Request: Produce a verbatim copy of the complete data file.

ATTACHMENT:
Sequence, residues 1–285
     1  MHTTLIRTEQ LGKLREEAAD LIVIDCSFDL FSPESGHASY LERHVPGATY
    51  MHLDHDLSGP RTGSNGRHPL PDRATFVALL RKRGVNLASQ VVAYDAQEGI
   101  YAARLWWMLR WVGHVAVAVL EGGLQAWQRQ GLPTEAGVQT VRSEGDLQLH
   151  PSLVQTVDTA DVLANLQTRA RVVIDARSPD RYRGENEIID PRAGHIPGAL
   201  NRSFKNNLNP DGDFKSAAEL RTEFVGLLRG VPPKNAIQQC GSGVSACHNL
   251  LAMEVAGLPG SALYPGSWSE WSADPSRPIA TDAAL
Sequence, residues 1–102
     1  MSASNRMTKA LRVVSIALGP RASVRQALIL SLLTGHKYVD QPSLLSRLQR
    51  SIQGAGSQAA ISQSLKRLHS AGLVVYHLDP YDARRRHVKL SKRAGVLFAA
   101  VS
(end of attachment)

Sequence, residues 1–285
     1  MHTTLIRTEQ LGKLREEAAD LIVIDCSFDL FSPESGHASY LERHVPGATY
    51  MHLDHDLSGP RTGSNGRHPL PDRATFVALL RKRGVNLASQ VVAYDAQEGI
   101  YAARLWWMLR WVGHVAVAVL EGGLQAWQRQ GLPTEAGVQT VRSEGDLQLH
   151  PSLVQTVDTA DVLANLQTRA RVVIDARSPD RYRGENEIID PRAGHIPGAL
   201  NRSFKNNLNP DGDFKSAAEL RTEFVGLLRG VPPKNAIQQC GSGVSACHNL
   251  LAMEVAGLPG SALYPGSWSE WSADPSRPIA TDAAL
Sequence, residues 1–102
     1  MSASNRMTKA LRVVSIALGP RASVRQALIL SLLTGHKYVD QPSLLSRLQR
    51  SIQGAGSQAA ISQSLKRLHS AGLVVYHLDP YDARRRHVKL SKRAGVLFAA
   101  VS